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Vocabulary in The Author to Her Book

Vocabulary Examples in The Author to Her Book :

The Author to Her Book

🔒 9

"vulgars ..."   (The Author to Her Book)

With a book so flawed and unrefined, the speaker insinuates that its readers must be “vulgars,” or people lacking sophistication or taste. As such, the book is doomed to “roam,” or circulate, around a lower echelon of readers since people of finer sophistication would be quick to notice its flaws or failings.

"trim..."   (The Author to Her Book)

This is another example of double meaning. In the practice of sewing, the verb “to trim” means to apply ornament or embellishment to either clothing or furniture. When applying this meaning to writing, to trim a book may mean to add further ornamental detail or language. From this line, we see that the author had wished to “trim” her book in better dress, or to add further detail before publication, but was prohibited from doing so.

"amend..."   (The Author to Her Book)

The verb to amend means to make changes or improvements, often within a written text. Its use here is yet another example of language that can be used to refer to a book and to a child. In this context, the speaker aims to amend the already-published text in much the same way as one would attempt to clean a grubby child. However, the book is already published, and the speaker finds her attempts ultimately fruitless.

"visage..."   (The Author to Her Book)

The noun visage is a person’s face or facial features. The use of visage here describes the ‘face’ of the book as irksome, meaning irritating or annoying to its author. Thus, while this line uses older Elizabethan vocabulary, its meaning is relatively simple: the book is irritating to look at for the author. We may deduce from earlier lines that this irritation is due to its perceived imperfections or flaws, which causes the author to recoil from it in disgust. This line furthers the exasperated tone of the speaker as one disgusted by the flawed product of her own making, thus unfit or unready for release into the outside world.

"rags..."   (The Author to Her Book)

The word “rags” here has a deliberate double meaning. First, it literally describes clothes, illustrating the book (“child”) as poorly dressed and ill kept. In addition, rags also serves as a wordplay on the book-publishing industry—more specifically, on the quality of printing paper, which was referred to as “rag content.”’ In Elizabethan times, cotton rags were the principal material used in the book-making process. Paper with a high-rag content had a higher ratio of cotton fiber to pulp, and therefore the clothing was of better quality.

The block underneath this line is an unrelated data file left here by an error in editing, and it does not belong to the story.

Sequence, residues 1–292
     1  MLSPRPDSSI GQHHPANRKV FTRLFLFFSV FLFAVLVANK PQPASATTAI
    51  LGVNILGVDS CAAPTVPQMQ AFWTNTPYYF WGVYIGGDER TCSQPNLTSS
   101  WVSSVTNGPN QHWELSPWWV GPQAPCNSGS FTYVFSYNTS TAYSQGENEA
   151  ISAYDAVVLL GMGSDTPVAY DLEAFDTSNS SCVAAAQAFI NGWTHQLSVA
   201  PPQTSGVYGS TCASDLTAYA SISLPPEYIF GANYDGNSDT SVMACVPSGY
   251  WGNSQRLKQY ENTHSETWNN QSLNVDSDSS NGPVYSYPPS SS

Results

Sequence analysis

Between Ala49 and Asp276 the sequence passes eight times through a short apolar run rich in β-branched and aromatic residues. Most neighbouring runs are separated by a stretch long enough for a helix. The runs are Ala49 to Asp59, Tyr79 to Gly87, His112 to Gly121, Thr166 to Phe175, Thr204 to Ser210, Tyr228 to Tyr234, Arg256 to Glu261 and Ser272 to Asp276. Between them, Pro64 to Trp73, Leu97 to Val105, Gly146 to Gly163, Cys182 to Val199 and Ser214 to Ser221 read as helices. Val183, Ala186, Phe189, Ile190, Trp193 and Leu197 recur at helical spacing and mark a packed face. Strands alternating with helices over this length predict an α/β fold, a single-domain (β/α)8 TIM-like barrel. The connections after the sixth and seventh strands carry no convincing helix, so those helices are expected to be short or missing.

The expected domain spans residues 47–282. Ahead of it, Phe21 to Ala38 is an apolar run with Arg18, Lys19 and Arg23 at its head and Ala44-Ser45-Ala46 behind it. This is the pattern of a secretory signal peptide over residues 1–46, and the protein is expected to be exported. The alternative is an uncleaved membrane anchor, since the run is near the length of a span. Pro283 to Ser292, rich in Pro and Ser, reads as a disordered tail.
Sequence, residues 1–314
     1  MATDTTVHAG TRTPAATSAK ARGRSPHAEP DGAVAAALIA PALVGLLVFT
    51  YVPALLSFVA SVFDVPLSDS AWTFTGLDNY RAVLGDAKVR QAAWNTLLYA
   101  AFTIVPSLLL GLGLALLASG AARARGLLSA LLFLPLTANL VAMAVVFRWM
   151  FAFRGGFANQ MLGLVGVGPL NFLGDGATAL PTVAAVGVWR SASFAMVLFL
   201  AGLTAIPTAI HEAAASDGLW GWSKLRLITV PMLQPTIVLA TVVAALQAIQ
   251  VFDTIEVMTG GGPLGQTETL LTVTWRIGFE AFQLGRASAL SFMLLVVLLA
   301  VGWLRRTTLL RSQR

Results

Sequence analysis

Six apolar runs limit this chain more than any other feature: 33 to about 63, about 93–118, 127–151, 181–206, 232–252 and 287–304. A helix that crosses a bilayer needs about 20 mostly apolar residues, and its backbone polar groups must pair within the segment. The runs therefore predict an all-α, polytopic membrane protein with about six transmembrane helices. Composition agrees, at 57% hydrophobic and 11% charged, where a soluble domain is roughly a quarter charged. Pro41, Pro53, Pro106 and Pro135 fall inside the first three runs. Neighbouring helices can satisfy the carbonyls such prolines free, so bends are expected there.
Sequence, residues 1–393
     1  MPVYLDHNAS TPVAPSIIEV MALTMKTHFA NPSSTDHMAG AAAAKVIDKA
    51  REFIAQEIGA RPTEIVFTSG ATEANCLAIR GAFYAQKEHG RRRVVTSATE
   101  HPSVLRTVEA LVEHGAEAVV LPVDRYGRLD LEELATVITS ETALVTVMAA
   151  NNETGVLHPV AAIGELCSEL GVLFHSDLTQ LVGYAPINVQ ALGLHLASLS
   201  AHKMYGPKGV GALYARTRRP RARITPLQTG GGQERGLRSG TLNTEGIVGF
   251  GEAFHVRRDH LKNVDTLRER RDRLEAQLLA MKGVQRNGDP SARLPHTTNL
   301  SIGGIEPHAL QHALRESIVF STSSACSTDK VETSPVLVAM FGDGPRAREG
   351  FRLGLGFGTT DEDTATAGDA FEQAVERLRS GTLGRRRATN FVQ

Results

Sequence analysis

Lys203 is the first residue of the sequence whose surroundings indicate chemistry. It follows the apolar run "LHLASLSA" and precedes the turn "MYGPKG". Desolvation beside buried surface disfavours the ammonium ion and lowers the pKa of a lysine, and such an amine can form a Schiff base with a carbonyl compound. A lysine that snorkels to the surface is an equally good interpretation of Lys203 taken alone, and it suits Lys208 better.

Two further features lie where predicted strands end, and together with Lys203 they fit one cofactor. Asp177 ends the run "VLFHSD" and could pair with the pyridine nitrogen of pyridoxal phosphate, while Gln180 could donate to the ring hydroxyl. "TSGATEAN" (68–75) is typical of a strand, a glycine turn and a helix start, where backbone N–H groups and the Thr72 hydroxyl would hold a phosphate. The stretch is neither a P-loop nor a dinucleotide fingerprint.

"brat..."   (The Author to Her Book)

In the 16th and 17th centuries, the noun “brat” was used to refer to a child that was insignificant or of questionable parentage. It was generally used to show contempt for the child.

"rags..."   (The Author to Her Book)

In the era in which Bradstreet wrote, every-day clothing was generally made in the home instead of bought at a store. It was a mother’s job to dress her family and keep them warm. Here, the speaker dresses her metaphorical child in “rags,” or threadbare clothing that has been tattered by overuse and time. The disheveled appearance of this child would reflect badly on the mother tasked with clothing it; in other words, the rags are a sign of the speaker’s failures as a mother.

"thee..."   (The Author to Her Book)

The pronouns “thee” and “thou” are archaic forms of singular “you” that showed familiarity or a close, personal relationship between two people. Notice that the speaker addresses her book with this pronoun to show their familiarity even though she seems to have cast it aside.

"friends, less wise than true,..."   (The Author to Her Book)

Notice the forgiving tone with which Bradstreet introduces this betrayal. She calls the people who took her work from her “friends” and characterizes their decision as “less wise than true.” This phrase suggests that they took her work because they were unwise or foolish, not because they had truly malicious intentions. While a modern reader might see “snatched” as connoting violence or stealing, the word in Bradstreet’s time meant obtained in a hasty manner. This original definition builds on the idea that these “friends” took the manuscript hurriedly, without thinking; it suggests carelessness rather than malevolence.

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